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  2. 150, Gilles, So in the end your answer is that now tax will work, and there is no solution, because it's not possible to get off of fossil fuels until civilization is destroyed, and that every attempt to do so will simply result in more use, and we are bound by a system of global supply, demand and competition in which intelligence, scientific knowledge and social responsibility are of no value. Your position is that governments and peoples are unable to work in their own self interests because they are so wedded to capitalism, in one form or another, that they won't do what's good for them, even when facing the effective end of civilization as we know it. And since fossil fuels must inevitably run out and will do so precipitously rather than gradually, the end of (our) civilization is inevitable in that sense, regardless of the realities of climate change. And since people will further be unable to effectively adapt to climate change without adequate power, and in your paradigm fossil fuels are the only adequate power source, we are doomed in that sense as well. So your position amounts to "don't try to tax fossil fuel use now and attempt to get out of the corner we're in, because it won't work, and I'm just as happy to see the world end after I die, as long as it means I get to live the high life now, and with a clean conscience to boot because in my own mind there was never anything I could have done about it." My, how convenient.
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    Moderator Response: [Dikran Marsupial] I have told Gilles that his idea of the real issue is off-topic. I have left this post as is, but (i) Gilles feel free to reply to only the issues that relate to the topic of the thread and (ii) please can we all be careful not to tempt Gilles to revisit off-topic issues.
  3. "the lack of cheap energy in the near future" Its worth noting that, even without a carbon tax in place, the above comment is becoming increasingly untrue. I've looked at a number of estimates for energy generation costs from *new* power stations, & they always look remarkably similar. Coal & Nuclear are about $0.04c to $0.07c per kw-h; Hydro is about $0.03c to $0.05c per kw-h; Wind is around $0.05c to $0.08c per kw-h; Sewer/Landfill gas is around $0.08c to $0.10c per kw-h; Solar Thermal is around $0.08c to $0.12c per kw-h; Geothermal is around $0.06c to $0.12c per kw-h-& Solar PV is the only outlier-at around $0.22c per kw-h. Of course, that's generation cost *only*, & doesn't include the costs of transmission & distribution or-to the best of my knowledge-the cost of various externalities (not even including CO2 emissions). These are all costs that impact coal & nuclear far more than the other energy generation technologies I've mentioned-as the other technologies are more scalable &-therefore-can distribute energy over a much smaller distance, & with little or no harmful emissions. Even so, a fairly moderate carbon tax *should* make the already cost-competitive renewable energy technologies even *more* attractive, as would removal of some of the many subsidies that the fossil fuel sector have enjoyed for close to a century.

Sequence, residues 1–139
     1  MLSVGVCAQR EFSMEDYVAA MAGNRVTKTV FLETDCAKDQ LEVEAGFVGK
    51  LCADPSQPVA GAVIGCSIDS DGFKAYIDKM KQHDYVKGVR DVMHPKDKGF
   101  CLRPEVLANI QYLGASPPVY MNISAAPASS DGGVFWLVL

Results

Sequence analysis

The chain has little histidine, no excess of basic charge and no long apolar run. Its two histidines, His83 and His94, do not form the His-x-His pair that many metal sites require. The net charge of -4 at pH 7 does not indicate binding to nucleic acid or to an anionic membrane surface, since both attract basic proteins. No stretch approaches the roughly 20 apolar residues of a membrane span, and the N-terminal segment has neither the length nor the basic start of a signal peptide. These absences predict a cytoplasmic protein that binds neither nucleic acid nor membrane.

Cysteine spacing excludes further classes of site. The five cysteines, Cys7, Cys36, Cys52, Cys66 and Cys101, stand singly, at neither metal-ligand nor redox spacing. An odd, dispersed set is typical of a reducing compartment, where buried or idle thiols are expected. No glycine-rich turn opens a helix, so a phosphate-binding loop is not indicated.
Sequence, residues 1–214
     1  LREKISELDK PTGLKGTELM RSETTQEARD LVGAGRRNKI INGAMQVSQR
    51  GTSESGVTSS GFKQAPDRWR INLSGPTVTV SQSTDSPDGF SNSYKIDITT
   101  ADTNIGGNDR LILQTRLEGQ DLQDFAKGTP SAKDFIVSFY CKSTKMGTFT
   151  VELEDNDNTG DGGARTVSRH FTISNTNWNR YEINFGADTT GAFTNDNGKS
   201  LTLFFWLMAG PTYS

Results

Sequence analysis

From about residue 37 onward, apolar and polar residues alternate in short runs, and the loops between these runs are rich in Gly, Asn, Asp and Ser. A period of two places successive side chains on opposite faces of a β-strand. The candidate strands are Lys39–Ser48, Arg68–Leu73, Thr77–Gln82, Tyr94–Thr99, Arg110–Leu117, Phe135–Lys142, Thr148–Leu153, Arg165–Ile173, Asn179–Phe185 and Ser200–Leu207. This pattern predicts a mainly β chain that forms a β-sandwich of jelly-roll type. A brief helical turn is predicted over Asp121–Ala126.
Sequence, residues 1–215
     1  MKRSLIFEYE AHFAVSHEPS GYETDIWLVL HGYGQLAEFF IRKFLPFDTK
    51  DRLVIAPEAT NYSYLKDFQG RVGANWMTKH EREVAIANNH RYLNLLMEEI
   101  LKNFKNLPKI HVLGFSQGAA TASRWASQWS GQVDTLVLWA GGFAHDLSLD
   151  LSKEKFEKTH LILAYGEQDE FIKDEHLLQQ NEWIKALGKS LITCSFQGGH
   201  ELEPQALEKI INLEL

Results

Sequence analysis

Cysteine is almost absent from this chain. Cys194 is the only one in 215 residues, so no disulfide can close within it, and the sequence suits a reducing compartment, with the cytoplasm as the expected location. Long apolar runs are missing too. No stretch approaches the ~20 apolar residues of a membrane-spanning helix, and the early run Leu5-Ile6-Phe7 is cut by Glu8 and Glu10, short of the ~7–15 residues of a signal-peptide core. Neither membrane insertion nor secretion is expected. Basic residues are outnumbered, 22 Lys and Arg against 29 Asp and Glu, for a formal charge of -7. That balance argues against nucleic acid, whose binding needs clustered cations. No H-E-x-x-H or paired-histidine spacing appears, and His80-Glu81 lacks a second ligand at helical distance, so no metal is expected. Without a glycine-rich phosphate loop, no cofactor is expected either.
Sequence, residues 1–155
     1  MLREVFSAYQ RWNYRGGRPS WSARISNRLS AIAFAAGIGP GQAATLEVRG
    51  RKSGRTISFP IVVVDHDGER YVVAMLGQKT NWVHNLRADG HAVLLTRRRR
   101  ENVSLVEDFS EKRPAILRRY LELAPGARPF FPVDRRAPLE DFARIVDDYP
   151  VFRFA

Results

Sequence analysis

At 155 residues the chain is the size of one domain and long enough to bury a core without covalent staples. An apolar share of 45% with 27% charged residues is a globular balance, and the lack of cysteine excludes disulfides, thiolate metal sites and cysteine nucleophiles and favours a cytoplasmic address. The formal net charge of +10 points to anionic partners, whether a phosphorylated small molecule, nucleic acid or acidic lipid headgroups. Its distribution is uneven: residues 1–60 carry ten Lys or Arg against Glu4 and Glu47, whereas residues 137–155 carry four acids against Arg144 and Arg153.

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  4. I would hope that the Australian government would learn from the BC experience - and not introduce a Carbon Tax. It is true that a Carbon Tax can and will reduce FF consumption if it is set high enough. It will stimulate development and use of energy produced from renewable sources and it will encourage more efficient use and reduction of energy produced from FF, thereby curbing GHG pollution. No less importantly it can be targeted so that it applies only to those who are directly responsible for GHG pollution. Maybe that will be the experience in BC? The problem is that imposition of a carbon tax does not result in these outcomes being assured – only encouraged and then only to a limited, poorly targeted extent. The Australian government proposes to introduce a Carbon Tax in 2012 – but only as a temporary measure pending finalisation of the design of an ETS. Presumably this is to demonstrate to the electorate that pricing Carbon does not cause catastrophic damage to the economy, our standards of living and end of the world as we know it, as Opposition Leader Abbott and vested interests would have us believe. The Australian Prime Minister has told us that a Carbon Tax will be applied in a way which ensures that monies raised by it will be applied to compensating lower income households, export vulnerable businesses and, importantly, stimulating the development and use of new technology aimed at producing energy with low and no GHG emissions. The PM also tells us that she intends to follow the example set by most European countries and move to an ETS, though not as rapidly as most would like. Why the move to an ETS? Because, unlike a Carbon Tax where the price of carbon is determined by government in the hope that emissions reduction will follow, an ETS enables the market to determine, review and continually revise the price of carbon in response to GHG reduction targets specified by government. The result is that the outcomes encouraged by a Carbon Tax are guaranteed by an ETS and, no less importantly, the price of carbon is determined by an informed market rather than a less informed bureaucracy. In summary, an ETS is more cost efficient and effective in achieving emissions reduction and development of clean energy technology. For these reasons one would hope that in both Australia and BC, the transition from Carbon Tax to ETS will be rapid and smooth.